Javadekar holds meet on pollution with NCR states

New Delhi: Union Environment, Forest and Climate Change and Information and Broadcasting Minister Prakash Javadekar briefs the media on Cabinet decisions, in New Delhi on Oct 9, 2019. (Photo: IANS/PIB)

New Delhi, Nov 9 (IANS) Union Environment Minister Prakash Javadekar on Saturday held a meeting to review air pollution mitigation efforts in Delhi-NCR with the state governments of the region.

The meeting was attended by Delhi Environment Minister Kailash Gahlot, Environment Secretary C.K. Mishra and S.p. SIngh, Chairman, Central Pollution Control Board (CPCB). Senior officials from the state governments of Delhi, Rajasthan, Uttar Pradesh, Haryana and Punjab also attended the meeting.

Javadekar said that the officials of five states attended the meeting and this practice had been initiated since 2015 to review pollution control efforts with the states. Javadekar said such meetings will be held every month to review the measures undertaken to curb air pollution.

He said that following the Supreme Court judgement on air pollution, an action plan will be framed which will be acted upon sincerely.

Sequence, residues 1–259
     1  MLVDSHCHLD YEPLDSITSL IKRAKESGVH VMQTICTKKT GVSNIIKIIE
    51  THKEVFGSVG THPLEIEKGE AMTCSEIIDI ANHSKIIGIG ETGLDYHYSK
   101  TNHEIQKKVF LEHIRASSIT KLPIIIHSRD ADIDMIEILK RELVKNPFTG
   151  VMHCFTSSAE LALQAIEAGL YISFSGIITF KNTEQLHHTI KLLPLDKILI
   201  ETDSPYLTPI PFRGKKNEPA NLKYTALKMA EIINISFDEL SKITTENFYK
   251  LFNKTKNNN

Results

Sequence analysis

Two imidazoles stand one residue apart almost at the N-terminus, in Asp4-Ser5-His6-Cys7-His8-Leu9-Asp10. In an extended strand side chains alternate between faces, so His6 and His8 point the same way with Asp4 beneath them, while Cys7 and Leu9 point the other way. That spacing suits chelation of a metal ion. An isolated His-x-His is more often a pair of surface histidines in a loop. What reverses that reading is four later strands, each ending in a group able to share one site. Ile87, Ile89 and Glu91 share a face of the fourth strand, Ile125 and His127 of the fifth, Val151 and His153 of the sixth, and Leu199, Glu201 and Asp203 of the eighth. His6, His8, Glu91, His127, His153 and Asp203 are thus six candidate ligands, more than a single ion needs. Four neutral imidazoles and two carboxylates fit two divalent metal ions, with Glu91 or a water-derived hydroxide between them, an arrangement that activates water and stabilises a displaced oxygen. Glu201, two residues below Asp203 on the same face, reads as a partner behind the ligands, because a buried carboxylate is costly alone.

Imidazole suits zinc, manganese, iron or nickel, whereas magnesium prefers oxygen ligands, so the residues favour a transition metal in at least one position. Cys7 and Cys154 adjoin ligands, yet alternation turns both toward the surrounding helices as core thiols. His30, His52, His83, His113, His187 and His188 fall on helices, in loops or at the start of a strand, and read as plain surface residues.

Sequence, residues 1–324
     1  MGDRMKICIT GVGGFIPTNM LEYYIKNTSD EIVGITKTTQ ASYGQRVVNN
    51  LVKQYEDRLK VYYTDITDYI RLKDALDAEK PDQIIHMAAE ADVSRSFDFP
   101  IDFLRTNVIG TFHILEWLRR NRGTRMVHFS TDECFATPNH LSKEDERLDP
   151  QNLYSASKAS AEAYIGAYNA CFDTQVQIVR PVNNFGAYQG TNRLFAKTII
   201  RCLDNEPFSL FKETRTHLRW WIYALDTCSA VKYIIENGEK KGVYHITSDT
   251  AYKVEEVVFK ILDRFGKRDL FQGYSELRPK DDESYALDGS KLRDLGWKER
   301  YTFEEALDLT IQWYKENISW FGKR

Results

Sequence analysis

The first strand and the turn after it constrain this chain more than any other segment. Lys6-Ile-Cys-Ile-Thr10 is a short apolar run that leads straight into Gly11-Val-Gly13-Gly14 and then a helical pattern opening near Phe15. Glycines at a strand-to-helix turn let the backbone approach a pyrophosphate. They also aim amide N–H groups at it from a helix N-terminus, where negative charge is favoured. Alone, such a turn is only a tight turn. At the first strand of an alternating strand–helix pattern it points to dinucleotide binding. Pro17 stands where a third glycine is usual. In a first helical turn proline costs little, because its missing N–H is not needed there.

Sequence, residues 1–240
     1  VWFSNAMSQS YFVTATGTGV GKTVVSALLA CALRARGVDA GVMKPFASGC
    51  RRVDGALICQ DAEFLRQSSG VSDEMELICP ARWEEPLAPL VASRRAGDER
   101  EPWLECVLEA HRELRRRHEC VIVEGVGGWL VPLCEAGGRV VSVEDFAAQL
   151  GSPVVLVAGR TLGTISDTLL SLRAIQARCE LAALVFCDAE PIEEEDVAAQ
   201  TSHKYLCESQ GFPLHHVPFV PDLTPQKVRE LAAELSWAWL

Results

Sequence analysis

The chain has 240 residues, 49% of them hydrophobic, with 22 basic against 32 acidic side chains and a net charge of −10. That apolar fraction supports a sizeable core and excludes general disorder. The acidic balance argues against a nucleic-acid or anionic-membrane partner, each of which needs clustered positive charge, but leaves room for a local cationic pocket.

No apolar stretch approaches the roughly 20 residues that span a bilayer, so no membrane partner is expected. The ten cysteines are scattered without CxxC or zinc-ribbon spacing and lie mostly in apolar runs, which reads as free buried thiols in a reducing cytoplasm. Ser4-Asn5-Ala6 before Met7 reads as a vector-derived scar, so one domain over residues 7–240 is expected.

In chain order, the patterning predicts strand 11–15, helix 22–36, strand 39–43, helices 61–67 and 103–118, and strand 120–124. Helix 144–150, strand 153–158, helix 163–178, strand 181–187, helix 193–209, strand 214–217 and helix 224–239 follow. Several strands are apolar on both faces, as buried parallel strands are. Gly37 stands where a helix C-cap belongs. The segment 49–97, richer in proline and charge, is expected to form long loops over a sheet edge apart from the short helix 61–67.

The minister said that stubble burning share of Delhi pollution, which had gone up to 30-35 per cent last week, has come down to 3-4 per cent.

However, waste burning, vehicle emissions and dust constituted around 70-80 per cent of the pollution in Delhi and due to its geographical location, the pollutants were not able to disperse, thereby causing a pollution cloud.

Javadekar said he was confident that people will get relief from high pollution levels as several measures were kicking in, including BS-VI vehicles from April 1, which will reduce emissions, opening of the peripheral expressways that will see 60,000 trucks avoid entering Delhi and bio-methanisation of waste. In addition, industries converting to PNG will also help curb pollution.

The Delhi government also gave details of the steps it took, which Javadekar said will be studied by the ministry officials.

All the big cities in the world have pollution issues, but Delhi’s problems were unique and will be addressed, Javadekar said.

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